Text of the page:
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Sassee
09-02-2009, 10:43 PM
I'm not really sure this is where I need to post, but I have a favor to ask...

One of my Profs is a published author and stated from day 1 that all of our papers needed to basically be damn near perfect. I already know the final paper and presentation (a group thing) is going to have me tearing my eyeballs out, because I read right over basic grammatical errors and leave participles dangling all over the place at whim. I can't crit for nit-picky things to save my life. Plus, my group partners have basically summed up their proof-reading skills as "we're not English majors."

So... would anyone want to volunteer to be Simon Cowell for that week and rip apart our final paper? It will probably be a good sized paper. 8-10 pages is my guess. The class is Global Business Issues and our chosen country is India. We're introducing a new product to the Indian market (not really but for the paper we are) and need to analyze pros/cons of going into the market, what difficulties we'll face, etc etc. Not terribly interesting but I can at least promise the writing won't be dry. I can't stand to read dry papers so I don't write them that way.

Volunteers? I would be willing to reader-style critique one (or maybe several) WIPs in return, or help you brainstorm, or whatever else I could help you with (within reason... I'm not flying out to help you clean your house, kk?)

Pretty please? :2angel:

DeleyanLee
09-02-2009, 10:58 PM
Just a suggestion--before you hand the paper over, read it aloud first. You'll find a lot of the obvious errors in the grammar, etc, by reading it aloud.

Good luck finding someone competent. I don't qualify. ;)

Sassee
09-02-2009, 11:14 PM
Just a suggestion--before you hand the paper over, read it aloud first. You'll find a lot of the obvious errors in the grammar, etc, by reading it aloud.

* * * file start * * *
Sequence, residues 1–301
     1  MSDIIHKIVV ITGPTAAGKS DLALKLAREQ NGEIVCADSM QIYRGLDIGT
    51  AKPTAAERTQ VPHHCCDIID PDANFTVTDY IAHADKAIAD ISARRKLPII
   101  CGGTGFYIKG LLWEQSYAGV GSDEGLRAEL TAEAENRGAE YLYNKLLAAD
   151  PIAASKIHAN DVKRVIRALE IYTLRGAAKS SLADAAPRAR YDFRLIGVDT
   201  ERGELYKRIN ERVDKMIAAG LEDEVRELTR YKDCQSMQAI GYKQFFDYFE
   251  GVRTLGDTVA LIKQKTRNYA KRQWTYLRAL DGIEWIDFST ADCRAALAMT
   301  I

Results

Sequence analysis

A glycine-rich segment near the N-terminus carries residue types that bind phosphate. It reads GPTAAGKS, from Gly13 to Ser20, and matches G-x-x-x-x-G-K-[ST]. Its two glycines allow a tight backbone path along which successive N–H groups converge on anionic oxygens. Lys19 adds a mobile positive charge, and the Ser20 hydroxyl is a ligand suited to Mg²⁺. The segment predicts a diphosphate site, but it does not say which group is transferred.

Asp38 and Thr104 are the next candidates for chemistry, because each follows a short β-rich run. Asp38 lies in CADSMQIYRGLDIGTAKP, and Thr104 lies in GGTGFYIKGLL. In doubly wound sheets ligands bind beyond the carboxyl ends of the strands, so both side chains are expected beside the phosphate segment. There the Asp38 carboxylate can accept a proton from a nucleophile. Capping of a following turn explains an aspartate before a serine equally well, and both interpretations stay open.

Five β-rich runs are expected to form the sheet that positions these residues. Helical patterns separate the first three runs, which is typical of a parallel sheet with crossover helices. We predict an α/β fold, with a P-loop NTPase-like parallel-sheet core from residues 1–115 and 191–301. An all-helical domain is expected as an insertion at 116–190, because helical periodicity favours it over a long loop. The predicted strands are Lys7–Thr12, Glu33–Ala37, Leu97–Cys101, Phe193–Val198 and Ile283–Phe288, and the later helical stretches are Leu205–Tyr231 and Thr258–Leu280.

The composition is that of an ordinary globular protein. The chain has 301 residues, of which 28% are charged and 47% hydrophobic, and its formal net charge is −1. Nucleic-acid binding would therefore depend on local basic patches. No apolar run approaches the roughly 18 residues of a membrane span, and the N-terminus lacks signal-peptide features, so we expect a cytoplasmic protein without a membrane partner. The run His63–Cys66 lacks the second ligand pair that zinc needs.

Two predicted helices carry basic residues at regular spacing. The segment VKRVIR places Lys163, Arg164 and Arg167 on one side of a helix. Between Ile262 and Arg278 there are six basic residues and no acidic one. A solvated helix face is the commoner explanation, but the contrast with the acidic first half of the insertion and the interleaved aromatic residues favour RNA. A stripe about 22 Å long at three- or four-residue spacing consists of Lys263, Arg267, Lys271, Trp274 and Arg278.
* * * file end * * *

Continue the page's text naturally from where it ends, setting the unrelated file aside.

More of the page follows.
The problem with this method is that I tend to write like I speak... so, for instance, I'll substitute "that" in place of "who" ("he was the one that ate the cake" etc) and call a single person "their" so I don't have to say he/she. There are a lot of things that sound perfectly fine when you speak them but aren't grammatically correct. Those kinds of errors are my worst offenders. (And, at this stage, I'm not sure what my partners' writing styles are like)


Good luck finding someone competent. I don't qualify. ;)

lol!

bobcat22
09-03-2009, 06:06 PM
Sassee:

A method that I found works for reading out loud work and not replacing the mistakes as you read is to start with the last sentence in a paragraph. Read backward, one sentence at a time. You're still listening to the sound of the sentence to catch mistakes, but you're not reading it in order, so you won't replace words. It's a really easy and good way to proofread your own work.

GordonK
09-03-2009, 09:30 PM
1. Business (proposal) writing is totally different from creative writing. For example, there can not be ambiguities (except when politics are involved.) They kind of have fixed formats. Eg the first paragraph has to summarize the theme and likely the proposed actions. CEOs/MDs are very busy people.

2. Business writing usually can not be written in a personal manner. The only time you write "I", it's a firm recommendation or dismissal of something. One instance of "You know" and chances are you'll be fired/demoted the next day.

3. Writing business proposals has nothing to do with being English majors. Granted, grammars and styles have to be flawless. But flowery proses won't make it to the CEO. They are usually boring and ugly stuff with the same trade jargon spreading all over.

4. Grab a grammar Nazi as a helping hand. I am not, so I can't be of help. However if you also want a pair of extra eyes to go through your papers, you can count me in (providing you'd e-wash my e-car.)

Sassee
09-03-2009, 09:51 PM
GordonK -- An extra pair of eyes would be really helpful. I might take you up on that offer.

And if anyone knows someone that's a grammar Nazi please send them my way!

Tsu Dho Nimh
09-03-2009, 09:54 PM
I volunteer!

8-10 pages is a short paper.

Chase
09-04-2009, 03:25 AM
You had me ready to volunteer right up to "grammar Nazi."

I taught high school and college English for a quarter of a century, paid to endure insults by the surlier less skilled. Oh, I realize it's always in fun. Yeah . . . right.

But when it's a favor? Nah!

I'm the same way with needy cats and dogs. I feel impelled to offer a hand to pet or feed, but when I get hisses and snarls, I know we're both better off going our separate ways.

Sassee
09-04-2009, 06:09 PM
I volunteer!

8-10 pages is a short paper.

:hooray:

Sassee
09-18-2009, 12:25 AM
Anyone seen Tsu Dho Nimh around?

Just in case, is there anyone else willing to proof read this thing by Sunday?